2012 AX Anime and Manga Studies Symposium
Los Angeles, CA: June 29 – July 2, 2012
Anime and manga are visual culture and media, popular entertainment,
commercial products, objects of interest and sometimes obsession – and
for many people, their first and sometimes only contact with Japan.
Scholars in Japan and around the world have increasingly become
interested in the themes, topics, and issues of anime and manga – and
of all Japanese popular culture.
The goal of the AX Anime and Manga Studies Symposium is to highlight
cutting-edge research and critical thinking about Japanese animation
and comics by examining emerging trends in anime and manga studies
around the world. Anime Expo is the largest gathering of fans of
Japanese popular culture in the U.S., and, as an integral component of
the AX program, the Symposium will also serve to introduce anime and
manga studies to a general, non-academic audience. Another goal of
this event will be to to establish crucial connections and facilitate
briding the gaps between scholars and fans.
Speakers are invited to present papers on any topic related to
Japanese comics and animation, global anime and manga fandom, and the
anime/manga industry in Japan and elsewhere. Individual presentations
can focus on themes and topics such as:
– Close readings of particular individual anime and manga texts.
– Uses of anime and manga to present viewpoints on Japanese and world history.
– Japanese animation and comics in historical perspective: anime and
manga before Tezuka.
– Anime and manga as a corpus: Sequels, remakes, reinterpretations,
– Global conversations with Japanese popular culture – Non-Japanese
uses of anime and manga, e.g., Animatrix, Batman, First Squad, Iron
Man, Supernatural, etc.
– The role of the creator and director (and individual
creators/directors) in the development of anime and manga.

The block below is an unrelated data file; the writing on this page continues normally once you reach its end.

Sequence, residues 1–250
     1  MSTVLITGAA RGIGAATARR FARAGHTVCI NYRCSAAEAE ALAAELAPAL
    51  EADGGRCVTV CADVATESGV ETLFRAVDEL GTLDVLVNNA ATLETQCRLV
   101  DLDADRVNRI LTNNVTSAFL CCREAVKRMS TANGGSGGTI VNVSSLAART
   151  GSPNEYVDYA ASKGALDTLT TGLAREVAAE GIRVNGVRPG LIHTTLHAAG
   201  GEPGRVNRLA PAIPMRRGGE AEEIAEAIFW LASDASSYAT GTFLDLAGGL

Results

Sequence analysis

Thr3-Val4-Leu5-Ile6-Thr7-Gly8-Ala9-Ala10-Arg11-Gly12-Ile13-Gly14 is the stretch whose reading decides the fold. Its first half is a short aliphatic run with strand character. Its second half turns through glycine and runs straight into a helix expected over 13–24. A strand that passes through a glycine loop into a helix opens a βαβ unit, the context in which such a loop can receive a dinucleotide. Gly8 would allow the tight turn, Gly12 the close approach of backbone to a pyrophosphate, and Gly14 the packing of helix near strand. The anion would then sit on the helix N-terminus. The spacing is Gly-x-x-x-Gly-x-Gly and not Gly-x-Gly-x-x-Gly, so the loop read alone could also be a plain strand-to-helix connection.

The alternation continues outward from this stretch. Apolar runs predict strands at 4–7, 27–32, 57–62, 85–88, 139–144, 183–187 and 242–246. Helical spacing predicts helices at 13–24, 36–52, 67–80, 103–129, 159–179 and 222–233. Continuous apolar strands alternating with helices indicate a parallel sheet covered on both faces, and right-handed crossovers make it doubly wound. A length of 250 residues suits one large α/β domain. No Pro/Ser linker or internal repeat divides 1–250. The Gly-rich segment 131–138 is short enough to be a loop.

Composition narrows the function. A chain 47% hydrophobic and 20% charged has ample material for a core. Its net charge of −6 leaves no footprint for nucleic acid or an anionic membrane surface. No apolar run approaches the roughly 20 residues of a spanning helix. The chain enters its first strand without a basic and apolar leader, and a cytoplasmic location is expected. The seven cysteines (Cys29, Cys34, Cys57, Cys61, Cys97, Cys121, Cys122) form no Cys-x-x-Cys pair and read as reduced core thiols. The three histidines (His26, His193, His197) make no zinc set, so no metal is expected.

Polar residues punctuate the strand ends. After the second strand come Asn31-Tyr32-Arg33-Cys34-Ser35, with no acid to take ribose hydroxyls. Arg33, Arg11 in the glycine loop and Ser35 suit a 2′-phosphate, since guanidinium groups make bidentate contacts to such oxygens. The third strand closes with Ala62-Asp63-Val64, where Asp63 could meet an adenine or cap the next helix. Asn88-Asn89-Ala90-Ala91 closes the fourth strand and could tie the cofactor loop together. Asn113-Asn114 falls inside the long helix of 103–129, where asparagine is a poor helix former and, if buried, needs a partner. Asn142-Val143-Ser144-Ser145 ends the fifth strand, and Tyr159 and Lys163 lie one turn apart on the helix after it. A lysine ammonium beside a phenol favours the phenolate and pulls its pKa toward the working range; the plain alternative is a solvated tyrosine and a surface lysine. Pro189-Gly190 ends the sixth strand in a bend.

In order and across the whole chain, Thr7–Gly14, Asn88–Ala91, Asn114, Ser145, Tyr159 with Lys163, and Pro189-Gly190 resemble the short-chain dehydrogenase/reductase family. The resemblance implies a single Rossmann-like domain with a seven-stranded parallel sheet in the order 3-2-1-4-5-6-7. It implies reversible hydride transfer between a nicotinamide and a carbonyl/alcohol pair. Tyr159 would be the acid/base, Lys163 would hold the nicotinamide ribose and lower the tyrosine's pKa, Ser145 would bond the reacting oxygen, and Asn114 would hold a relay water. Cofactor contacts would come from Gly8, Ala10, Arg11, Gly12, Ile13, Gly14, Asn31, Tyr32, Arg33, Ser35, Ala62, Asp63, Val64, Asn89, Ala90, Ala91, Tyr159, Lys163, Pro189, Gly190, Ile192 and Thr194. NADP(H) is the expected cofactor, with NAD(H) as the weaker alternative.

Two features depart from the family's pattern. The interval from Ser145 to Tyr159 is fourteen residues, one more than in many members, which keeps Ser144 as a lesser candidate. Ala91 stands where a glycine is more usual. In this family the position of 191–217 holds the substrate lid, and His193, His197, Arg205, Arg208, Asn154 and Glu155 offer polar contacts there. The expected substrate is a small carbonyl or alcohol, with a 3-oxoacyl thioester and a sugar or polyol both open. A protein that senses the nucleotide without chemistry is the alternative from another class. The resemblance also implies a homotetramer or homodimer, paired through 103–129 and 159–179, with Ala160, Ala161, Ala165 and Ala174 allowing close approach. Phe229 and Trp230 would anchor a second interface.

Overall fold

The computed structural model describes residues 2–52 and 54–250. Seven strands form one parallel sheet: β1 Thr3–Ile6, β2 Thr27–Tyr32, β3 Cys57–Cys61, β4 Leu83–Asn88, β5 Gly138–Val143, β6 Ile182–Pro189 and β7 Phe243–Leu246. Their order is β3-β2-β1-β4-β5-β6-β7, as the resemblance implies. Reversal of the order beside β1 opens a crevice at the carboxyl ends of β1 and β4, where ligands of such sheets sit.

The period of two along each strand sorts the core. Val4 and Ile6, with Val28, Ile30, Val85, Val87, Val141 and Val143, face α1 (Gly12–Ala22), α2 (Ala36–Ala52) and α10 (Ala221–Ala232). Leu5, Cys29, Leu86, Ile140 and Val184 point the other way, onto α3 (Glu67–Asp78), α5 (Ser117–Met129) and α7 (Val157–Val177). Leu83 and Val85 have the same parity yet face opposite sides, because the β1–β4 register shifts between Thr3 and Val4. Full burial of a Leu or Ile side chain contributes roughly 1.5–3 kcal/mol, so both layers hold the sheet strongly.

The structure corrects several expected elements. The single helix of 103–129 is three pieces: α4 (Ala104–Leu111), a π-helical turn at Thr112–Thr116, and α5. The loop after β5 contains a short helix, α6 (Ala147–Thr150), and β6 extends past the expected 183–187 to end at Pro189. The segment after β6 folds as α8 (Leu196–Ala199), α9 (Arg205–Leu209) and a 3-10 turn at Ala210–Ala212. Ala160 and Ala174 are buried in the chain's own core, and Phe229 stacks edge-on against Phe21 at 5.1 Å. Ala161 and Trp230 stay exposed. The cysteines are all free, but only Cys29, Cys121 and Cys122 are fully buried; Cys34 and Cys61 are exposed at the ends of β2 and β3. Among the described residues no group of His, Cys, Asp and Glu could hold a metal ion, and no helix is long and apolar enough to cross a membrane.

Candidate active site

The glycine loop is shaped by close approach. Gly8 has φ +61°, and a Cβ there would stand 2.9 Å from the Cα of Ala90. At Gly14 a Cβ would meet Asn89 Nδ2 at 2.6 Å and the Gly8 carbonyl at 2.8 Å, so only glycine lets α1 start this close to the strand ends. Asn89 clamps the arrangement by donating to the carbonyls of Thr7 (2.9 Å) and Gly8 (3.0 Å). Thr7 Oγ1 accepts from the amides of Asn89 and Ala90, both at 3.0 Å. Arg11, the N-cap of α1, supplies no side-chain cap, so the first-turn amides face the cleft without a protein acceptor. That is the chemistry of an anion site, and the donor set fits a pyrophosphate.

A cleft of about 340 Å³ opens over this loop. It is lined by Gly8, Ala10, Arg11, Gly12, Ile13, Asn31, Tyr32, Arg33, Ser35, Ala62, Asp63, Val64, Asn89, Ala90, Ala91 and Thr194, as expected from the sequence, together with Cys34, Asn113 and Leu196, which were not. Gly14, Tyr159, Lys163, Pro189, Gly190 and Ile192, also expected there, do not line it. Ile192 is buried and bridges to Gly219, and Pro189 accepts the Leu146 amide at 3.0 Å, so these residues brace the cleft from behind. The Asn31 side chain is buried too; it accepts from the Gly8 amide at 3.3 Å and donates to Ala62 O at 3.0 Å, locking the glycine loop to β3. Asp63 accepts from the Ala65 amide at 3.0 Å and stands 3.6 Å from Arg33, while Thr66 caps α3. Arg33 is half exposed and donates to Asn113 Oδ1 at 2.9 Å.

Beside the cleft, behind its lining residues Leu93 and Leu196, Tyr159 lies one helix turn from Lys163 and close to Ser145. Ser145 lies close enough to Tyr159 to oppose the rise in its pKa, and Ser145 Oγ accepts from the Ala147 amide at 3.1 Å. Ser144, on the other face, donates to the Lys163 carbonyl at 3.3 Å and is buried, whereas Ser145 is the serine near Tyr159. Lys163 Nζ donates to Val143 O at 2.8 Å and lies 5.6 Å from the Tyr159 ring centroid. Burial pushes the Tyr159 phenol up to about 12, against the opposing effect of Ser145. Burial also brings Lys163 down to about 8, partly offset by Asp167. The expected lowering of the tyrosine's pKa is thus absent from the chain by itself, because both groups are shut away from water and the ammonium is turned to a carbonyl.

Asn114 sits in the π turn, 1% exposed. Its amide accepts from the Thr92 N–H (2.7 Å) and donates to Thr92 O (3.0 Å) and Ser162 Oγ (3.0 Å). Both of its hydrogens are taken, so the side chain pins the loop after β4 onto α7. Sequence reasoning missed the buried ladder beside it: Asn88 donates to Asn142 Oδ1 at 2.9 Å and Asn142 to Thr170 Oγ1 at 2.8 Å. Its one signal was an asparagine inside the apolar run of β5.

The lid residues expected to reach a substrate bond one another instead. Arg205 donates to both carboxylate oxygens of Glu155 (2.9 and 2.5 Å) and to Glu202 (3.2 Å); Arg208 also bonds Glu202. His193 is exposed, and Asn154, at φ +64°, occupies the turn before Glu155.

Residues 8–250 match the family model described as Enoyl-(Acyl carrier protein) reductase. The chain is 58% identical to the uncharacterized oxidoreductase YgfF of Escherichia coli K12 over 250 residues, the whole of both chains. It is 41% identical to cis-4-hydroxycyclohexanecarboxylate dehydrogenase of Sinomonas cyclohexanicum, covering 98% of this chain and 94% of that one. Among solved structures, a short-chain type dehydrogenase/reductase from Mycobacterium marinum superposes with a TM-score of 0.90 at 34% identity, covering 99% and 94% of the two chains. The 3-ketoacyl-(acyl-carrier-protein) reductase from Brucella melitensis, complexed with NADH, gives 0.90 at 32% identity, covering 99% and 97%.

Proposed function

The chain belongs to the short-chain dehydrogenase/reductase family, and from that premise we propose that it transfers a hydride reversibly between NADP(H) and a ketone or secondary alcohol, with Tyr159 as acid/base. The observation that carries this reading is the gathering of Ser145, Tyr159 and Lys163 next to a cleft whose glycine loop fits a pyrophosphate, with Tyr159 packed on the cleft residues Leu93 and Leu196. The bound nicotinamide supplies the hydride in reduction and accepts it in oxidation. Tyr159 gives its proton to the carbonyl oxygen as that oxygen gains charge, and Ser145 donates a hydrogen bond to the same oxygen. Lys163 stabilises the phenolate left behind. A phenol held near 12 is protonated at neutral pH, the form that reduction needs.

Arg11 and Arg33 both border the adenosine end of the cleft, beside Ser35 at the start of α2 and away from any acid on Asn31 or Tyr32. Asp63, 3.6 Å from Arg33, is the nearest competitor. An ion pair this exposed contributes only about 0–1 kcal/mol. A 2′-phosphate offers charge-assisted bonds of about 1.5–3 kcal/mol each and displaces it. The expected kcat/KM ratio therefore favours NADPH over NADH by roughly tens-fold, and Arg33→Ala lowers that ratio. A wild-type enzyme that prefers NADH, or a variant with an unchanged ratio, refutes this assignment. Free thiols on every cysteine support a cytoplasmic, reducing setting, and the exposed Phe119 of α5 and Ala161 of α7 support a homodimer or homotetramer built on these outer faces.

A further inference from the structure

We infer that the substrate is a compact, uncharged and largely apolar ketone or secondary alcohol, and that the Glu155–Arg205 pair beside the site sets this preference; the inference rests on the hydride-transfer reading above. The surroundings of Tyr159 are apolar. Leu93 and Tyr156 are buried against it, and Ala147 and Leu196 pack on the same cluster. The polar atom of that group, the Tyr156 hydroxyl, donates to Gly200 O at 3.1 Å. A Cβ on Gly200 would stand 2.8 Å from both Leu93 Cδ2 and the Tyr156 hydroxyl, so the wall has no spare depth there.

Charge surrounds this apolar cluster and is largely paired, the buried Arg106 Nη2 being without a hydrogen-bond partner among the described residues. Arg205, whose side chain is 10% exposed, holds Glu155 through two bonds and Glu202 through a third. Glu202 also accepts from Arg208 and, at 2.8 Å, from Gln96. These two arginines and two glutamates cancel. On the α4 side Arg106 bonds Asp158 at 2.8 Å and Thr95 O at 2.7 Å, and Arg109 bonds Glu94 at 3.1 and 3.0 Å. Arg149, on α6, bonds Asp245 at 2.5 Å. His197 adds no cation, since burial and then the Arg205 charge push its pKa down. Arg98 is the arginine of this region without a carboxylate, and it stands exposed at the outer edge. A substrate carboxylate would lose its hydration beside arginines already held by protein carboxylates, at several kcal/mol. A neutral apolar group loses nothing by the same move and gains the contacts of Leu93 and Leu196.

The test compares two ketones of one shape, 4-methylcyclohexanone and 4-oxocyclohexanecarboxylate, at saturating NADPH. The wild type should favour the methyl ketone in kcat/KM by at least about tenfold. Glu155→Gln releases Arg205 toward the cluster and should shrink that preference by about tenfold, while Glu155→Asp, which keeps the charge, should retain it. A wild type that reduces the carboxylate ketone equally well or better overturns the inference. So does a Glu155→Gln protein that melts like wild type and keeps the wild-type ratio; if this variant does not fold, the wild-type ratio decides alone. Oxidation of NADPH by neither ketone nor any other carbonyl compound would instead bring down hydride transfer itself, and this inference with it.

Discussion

– Cultural production approaches to Japanese visual culture: Examining
production, promotion, marketing, international licensing and
distribution, translation and sales to understand anime’s global
– The activities of anime/manga fans – for example, fanfiction,
cosplay, anime music videos, and website development. Other ideas are
– Anime and manga adaptations and adaptations of anime and manga:
Failures and successes.
– Beyond mainstream anime and manga: Experimental and non-mainstream
Japanese animation and comics.
– Anime and manga in the classroom: Theories and experiences of
teaching Japanese visual culture.
– Popular culture responds to reality: The Great Eastern Japan
Earthquake and future directions in Japanese visual culture.
The symposium particularly welcomes studies of recent and new anime
and manga (such as Durarara, Eden of the East, Madoka, Red Line) and
papers that engage with recent Japanese and Western scholarship on
these and other related topics.
This list is not exhaustive, and other topics and approaches will be
welcome as well.
To respond, please forward the title of your paper, an abstract of
300-500 words, and your CV to the attention of Mikhail Koulikov, at
All submissions will undergo peer review.
The Symposium program will also feature several roundtable panel
discussions bringing together scholars from different institutions to
share different perspectives on anime and manga.
Roundtable panel 1: Anime and manga studies at 30: Issues and directions.
Roundtable panel 2: Fan cultures and practices in Japan, America, and beyond.
Roundtable panel 3: The future of Japanese visual culture.
If you are interested in participating in any of these discussions,
please contact Mikhail Koulikov, at firstname.lastname@example.org, with a
summary of your experience and background plus a 300-500 word
statement of your interest and specific approaches to your topic
The deadline for all paper and panel proposals is May 15, 2012.
All speakers will receive complimentary admission to Anime Expo 2012.
Some reimbursement of travel expenses may be available.